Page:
is expected to announce tomorrow a partnership with New York magazine’s to build and deploy a Web 2.0 video service. Magnify will build a custom video player and provide encoding, discovery and “curation.”

The platform allows publishers to integrate user-generated video, their own video or video from alternate sources—and build a large collection of video content without the cost of producing all original video. has already made significant in-house investments in video ( (It is currently served by platform provider The Feedroom in a partnership will expire in March.)

The partnership with Magnify will start April 1.

“The Magnify platform offers all the key player customization and video content management features we need for our own video production, plus the ability to aggregate and curate video from around the Web that fits our brand and our users’ interests,” said Michael Silberman, general manger of digital media for New York Media, New York Magazine’s parent company. “Magnify will give our users and our advertisers a great new video experience.”

The idea of curated video content is an emerging one. “That video can be sourced, and appropriate video published from both user submissions and the wider Web is one that is taking hold quickly for publishers across the Web,” said CEO Steven Rosenbaum. Rosenbaum noted one current client, Reader’s Digest’s Taste of Home, provides 85 to 90 percent of its video content from outside sources.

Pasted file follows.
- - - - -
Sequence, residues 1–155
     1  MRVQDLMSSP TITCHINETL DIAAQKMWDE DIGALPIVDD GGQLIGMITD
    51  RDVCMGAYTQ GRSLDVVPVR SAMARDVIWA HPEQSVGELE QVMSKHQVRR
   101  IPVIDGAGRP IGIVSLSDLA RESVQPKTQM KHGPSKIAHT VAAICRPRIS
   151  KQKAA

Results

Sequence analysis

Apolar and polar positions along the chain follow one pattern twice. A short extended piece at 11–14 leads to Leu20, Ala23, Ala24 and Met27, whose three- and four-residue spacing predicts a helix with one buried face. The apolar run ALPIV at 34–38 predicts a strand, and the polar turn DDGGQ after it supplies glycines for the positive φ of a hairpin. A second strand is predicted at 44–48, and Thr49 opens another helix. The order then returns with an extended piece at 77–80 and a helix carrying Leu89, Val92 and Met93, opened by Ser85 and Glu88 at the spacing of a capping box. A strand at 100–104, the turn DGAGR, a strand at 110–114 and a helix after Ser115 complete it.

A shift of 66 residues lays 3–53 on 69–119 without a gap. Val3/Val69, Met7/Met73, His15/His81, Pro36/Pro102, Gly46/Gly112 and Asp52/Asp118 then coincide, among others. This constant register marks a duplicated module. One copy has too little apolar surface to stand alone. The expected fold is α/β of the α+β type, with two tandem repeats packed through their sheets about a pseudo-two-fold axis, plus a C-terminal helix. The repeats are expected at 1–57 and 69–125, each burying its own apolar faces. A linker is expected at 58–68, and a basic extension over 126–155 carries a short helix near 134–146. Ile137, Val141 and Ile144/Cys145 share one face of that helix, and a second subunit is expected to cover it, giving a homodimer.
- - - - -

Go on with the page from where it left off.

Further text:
For Paul Sweeting, editor at Reed Business Information’s Content Agenda, there are “certain sources that we know produce a lot of videos that work for us, such as TechTicker and, so we tend to draw on those a lot,” he told FOLIO:. “We also group videos under specific topic areas to make them easier to find.”

It also helps with the problem of advertisers shying away from user generated content. “Ad agencies we’ve spoken with say, ‘We don’t want to advertise on the same page as unreviewed user generated content,’” Rosenbaum said. But with curated video content, they are generally more comfortable doing so.

While Magnify declined to reveal the cost of the platform, Rosenbaum said that in all cases publishers are paying significantly below $10 per thousand pages.